The Senate plan also allows U.S. states to seek waivers from some of the specific mandatory coverage areas that are in Obamacare.

 

Red states can get a waiver and do away with the ten essential health benefits.  “Then you start going down the road to junk healthcare,” Green warned.

 

“If states can waive essential health benefits, the first they will wave are maternity care, mental health, and substance abuse treatment,” Colbert said.

 

It could also price people with pre-existing conditions out of the market, where the waivers are used.

 

https://www.healthcare.gov/coverage/what-marketplace-plans-cover/

 

Someone in the the audience said, “If we can’t fix it or pass it, let’s go for single payer.”

 

Many people don’t understand that a single-payer system is not socialized medicine.  Medicare, for example, is already a single payer system, in which the federal government pays the bills, but hospitals and providers remain private.

 

For the cost of current spending on Medicare and Medicaid–which only covers some health care for some in the U.S.–all U.S. residents could have full, universal health care.  The high cost of health care is actually the high cost of insurance company profits and insurance bureaucracies.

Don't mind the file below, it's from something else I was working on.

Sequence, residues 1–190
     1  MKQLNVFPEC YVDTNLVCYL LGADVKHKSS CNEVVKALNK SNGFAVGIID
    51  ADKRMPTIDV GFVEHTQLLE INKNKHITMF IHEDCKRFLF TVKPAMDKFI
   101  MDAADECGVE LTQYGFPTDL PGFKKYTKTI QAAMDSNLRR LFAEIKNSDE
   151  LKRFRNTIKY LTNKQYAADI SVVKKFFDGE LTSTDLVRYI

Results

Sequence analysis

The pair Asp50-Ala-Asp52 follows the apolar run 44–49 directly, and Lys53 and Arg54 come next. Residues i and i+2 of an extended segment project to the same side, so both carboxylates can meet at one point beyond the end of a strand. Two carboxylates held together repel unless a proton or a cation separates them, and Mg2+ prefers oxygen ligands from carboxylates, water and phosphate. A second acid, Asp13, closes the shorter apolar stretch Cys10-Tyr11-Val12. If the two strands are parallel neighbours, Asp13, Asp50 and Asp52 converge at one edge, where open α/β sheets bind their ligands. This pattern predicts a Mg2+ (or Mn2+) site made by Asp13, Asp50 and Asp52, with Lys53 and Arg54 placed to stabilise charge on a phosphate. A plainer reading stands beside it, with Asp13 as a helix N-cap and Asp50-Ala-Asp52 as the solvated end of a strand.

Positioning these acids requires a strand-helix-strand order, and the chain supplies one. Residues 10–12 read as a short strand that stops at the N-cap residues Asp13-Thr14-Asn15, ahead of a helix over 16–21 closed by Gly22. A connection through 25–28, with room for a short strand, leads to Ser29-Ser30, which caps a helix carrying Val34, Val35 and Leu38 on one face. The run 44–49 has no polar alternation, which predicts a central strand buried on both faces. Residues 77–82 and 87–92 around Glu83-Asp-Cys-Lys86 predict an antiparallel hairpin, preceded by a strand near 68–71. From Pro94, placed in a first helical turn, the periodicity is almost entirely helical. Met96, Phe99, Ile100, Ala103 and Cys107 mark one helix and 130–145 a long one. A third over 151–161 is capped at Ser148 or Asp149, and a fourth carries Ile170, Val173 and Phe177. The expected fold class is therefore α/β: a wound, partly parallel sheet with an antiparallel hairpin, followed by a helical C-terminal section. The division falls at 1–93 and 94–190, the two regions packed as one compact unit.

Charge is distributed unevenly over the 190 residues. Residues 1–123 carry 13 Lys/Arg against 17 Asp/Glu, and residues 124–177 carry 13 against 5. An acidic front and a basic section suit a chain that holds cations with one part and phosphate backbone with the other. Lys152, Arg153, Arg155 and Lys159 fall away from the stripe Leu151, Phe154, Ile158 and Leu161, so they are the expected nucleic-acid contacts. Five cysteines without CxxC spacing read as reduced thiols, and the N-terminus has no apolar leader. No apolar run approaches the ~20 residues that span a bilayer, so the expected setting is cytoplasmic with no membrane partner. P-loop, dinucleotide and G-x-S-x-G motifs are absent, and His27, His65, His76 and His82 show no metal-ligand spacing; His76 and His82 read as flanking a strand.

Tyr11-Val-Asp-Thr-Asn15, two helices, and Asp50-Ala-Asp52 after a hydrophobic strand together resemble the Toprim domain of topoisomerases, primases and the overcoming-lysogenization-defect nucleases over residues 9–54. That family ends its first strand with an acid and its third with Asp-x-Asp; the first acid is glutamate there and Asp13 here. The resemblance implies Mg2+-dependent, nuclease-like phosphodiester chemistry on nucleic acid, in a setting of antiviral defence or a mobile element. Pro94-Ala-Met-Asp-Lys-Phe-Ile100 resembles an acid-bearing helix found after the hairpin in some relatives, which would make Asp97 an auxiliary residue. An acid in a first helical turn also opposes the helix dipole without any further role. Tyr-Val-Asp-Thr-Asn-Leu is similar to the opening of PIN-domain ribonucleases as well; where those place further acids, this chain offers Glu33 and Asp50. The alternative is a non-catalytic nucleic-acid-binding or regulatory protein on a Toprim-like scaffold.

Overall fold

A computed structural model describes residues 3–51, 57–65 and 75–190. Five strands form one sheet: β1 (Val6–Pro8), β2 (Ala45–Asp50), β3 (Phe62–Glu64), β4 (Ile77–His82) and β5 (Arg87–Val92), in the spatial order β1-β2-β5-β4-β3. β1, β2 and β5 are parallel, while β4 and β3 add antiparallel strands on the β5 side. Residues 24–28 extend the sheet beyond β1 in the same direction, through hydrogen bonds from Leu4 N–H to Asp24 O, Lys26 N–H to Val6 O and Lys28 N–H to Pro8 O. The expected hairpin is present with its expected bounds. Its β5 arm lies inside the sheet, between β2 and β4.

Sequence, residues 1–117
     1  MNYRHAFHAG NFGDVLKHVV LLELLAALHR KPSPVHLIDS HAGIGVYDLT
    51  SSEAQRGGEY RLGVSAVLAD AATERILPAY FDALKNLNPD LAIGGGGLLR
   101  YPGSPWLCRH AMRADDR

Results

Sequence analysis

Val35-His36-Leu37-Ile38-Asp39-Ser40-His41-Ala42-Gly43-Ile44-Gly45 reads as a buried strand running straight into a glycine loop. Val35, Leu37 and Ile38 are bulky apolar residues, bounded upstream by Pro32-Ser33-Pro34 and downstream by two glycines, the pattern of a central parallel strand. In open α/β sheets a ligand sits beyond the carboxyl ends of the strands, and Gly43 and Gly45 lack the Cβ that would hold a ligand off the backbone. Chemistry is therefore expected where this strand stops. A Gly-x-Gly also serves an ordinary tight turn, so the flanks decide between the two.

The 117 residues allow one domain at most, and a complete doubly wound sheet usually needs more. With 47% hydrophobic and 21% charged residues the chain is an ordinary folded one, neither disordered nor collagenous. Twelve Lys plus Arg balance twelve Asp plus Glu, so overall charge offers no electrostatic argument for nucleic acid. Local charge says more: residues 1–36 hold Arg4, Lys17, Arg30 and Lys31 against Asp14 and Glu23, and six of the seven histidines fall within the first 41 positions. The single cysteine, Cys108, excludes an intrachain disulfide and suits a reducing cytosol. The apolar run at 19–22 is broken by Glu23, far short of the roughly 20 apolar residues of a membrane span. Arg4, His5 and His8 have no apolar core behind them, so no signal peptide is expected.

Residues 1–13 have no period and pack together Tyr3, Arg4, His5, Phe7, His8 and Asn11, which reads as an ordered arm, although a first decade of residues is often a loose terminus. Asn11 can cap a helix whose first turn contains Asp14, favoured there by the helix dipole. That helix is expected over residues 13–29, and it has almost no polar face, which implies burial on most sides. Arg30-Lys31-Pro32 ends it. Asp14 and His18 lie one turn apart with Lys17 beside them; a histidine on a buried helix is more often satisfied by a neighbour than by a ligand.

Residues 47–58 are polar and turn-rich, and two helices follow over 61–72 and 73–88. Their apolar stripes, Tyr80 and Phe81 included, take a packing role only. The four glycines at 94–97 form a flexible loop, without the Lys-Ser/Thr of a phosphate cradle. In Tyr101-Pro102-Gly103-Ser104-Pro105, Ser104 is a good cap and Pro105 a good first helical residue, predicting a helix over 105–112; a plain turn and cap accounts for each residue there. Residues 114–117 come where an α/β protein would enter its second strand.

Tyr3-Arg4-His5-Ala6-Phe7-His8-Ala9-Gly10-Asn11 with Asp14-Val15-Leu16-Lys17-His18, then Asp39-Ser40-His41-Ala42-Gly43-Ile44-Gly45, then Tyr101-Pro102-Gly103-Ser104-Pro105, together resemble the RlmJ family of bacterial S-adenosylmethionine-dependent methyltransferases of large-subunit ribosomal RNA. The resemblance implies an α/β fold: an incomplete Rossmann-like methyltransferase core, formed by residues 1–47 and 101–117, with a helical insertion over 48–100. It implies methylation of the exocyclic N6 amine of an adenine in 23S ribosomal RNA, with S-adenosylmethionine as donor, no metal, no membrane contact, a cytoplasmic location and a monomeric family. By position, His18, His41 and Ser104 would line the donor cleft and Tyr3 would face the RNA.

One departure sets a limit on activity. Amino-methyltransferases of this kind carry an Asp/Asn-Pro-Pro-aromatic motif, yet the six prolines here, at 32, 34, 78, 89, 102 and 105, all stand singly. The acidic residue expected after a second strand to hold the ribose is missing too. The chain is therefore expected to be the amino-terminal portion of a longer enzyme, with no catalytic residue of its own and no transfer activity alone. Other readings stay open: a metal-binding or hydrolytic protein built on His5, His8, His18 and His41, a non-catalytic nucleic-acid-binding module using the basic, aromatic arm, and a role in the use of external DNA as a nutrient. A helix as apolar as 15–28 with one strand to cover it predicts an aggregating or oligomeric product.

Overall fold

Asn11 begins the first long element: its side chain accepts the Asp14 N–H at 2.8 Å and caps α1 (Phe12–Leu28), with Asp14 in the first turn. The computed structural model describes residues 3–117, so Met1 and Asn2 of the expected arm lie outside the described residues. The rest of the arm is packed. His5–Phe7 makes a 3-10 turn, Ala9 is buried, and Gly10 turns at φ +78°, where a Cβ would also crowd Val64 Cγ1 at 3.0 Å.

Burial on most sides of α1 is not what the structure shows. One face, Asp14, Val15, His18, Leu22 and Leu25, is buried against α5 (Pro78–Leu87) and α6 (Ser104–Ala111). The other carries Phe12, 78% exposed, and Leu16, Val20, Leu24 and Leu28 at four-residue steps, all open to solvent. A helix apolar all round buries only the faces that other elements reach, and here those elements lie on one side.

The debate is continuing in the U.S. Senate, after the U.S. House passed its version of Trumpcare earlier this year.

 

The Republican majority in the U.S. Senate is short several votes due to the defections of moderate Republicans and extreme economic right-ringers.

 

Most recently, Senate Majority Leader Mitch McConnell (R-KY) said he was open to working with Senate Democrats on a compromise bill.

 

“Perdue and Isakson are about to vote on the future of our healthcare without holding a town hall or a public hearing,” Caroline Stover, organizer of #ResistTrumpTuesdays, said in a press release.

 

“It’s unbelievable that Sen. Perdue and Isakson are moving forward with this life and death matter without reaching out for input from their constituents.  We demand an open hearing.”

 

(END/2017)